Alidoro's Pinocchio Hero
If Al Yeganeh personified the "Soup Nazi", then Alessandro Gualandi was the "Mussolini" of Italian hero sandwiches when he opened up the Melampo sandwich shop on Sullivan Street in 1986. Taking a cue from the Carnegie and Stage delis, which are known for dedicating their meat-stacked creations to Jewish celebrities (like the Woody Allen combo), Alessandro mellifluously named his sandwiches (of which there are upwards of 40 different combinations) after Italian literary characters, artists, and actors.
Choosing between the Michelangelo, the Scorsese, the Pavarotti, and the Romeo was made that much more difficult by the risk of certain death, or worse, banishment sans sandwich, if you dared ask Alessandro for any variation from the pre-set combinations. The reason there has never been a sandwich named for Robert De Niro, it occurred to me, was because Alessandro saw himself playing De Niro's character from Taxi Driver. Customer: "Could I substitute sweet peppers for the hot ones that come on the Fellini?" Alessandro: "Are you talkin' to me?! Are you &$#*% talkin' to me?!!!" But the heroes were meticulously made and were the best imaginable.
In 2001, Alessandro abdicated his dictatorship over Melampo and handed the reigns to Walter Momente, who renamed it Alidoro. Not much else has changed except that Walter and his wife are a little more tolerant of substitutions (but not by much). The heroes themselves remain the best in New York City. And I don't make that claim lightly. I have toured the boroughs in search of Italian super-heroes. I have marveled at Caputo's in Brooklyn, Mike's Deli on Arthur Avenue in da Bronx, Leo's Latticini aka Mama's in Corona, Queens, not to mention Manhattan's Faicco's, Salumeria Biellese, and the recent addition of Torrisi's Italian combo. But Alidoro (née Melampo) is still the best in all of herodom and the best of the best is the Pinocchio.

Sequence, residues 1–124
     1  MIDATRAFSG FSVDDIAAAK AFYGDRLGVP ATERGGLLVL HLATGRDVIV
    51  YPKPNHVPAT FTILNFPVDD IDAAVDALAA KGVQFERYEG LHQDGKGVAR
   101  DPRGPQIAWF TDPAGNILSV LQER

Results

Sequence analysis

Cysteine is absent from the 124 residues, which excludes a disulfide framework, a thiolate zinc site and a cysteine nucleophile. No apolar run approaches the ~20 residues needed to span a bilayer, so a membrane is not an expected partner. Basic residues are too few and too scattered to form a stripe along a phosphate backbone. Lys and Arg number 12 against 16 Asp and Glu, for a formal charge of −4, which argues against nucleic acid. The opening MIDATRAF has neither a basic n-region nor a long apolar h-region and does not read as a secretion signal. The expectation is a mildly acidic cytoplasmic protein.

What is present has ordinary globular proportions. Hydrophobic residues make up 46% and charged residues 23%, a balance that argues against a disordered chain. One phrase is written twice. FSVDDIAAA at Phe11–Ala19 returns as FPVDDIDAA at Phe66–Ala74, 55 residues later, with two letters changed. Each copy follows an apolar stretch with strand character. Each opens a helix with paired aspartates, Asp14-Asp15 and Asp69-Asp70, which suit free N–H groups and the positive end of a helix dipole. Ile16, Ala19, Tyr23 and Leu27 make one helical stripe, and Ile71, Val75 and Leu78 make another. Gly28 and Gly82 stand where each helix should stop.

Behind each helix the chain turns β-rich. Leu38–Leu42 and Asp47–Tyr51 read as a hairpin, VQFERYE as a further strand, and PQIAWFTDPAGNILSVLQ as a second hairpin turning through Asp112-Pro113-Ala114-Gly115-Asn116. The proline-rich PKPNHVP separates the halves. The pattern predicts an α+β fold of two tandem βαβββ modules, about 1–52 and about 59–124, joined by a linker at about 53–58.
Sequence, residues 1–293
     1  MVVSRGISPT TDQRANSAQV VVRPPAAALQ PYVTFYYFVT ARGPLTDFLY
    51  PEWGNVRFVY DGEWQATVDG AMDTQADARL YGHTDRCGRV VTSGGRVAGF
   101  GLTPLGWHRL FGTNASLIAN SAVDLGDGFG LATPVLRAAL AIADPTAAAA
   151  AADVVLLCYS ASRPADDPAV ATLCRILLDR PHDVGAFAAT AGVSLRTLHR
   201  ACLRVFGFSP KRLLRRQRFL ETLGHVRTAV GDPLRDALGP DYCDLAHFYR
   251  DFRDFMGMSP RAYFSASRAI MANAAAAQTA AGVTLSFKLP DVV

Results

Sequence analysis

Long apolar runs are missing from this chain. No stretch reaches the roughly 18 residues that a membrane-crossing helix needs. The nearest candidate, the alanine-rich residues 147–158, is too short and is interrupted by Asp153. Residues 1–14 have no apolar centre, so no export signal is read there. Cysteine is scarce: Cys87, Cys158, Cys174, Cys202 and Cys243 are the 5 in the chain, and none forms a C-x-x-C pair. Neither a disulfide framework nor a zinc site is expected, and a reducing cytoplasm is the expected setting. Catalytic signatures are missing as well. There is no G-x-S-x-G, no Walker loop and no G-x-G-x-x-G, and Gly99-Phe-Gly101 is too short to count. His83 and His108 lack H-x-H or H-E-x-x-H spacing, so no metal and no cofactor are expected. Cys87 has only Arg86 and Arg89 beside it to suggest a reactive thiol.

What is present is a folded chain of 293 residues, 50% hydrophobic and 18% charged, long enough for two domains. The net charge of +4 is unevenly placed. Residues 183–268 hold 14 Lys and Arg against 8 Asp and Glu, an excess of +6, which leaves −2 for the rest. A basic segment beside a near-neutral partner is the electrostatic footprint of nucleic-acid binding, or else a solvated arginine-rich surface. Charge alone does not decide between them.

If I'm lyin', I'm dyin' when I swear to you that the Pinocchio is the pinnacle of the art of Italian sandwich making. Prosciutto di Parma is sliced delicately as the foundation, on top of which is layered sweet sopressata and then hand-sliced fresh mozzarella. The other half is covered with black olive tapenade, sweet red and yellow roasted peppers, and a proprietary dressing. Walter beneficently permits me to add off-the-menu hot peppers for an additional kick.
The choice of bread, if you're lucky enough to arrive before they've sold out, consists of either tramezzino, focaccia, semolina or, my personal favorite, sfilatino, all sourced from Royal Crown Bakery in Bensonhurst. Wrapped in tinfoil, the meats, cheese, and dressings meld together while the sturdy bread fully absorbs the olive paste, olive oil, and the moisture from the fresh cheese. The sfilatino is an entire loaf, the length of Pinocchio's nose after telling a whopper of a fib, easily shared by two normal people or eaten solo by gluttons like yours truly.
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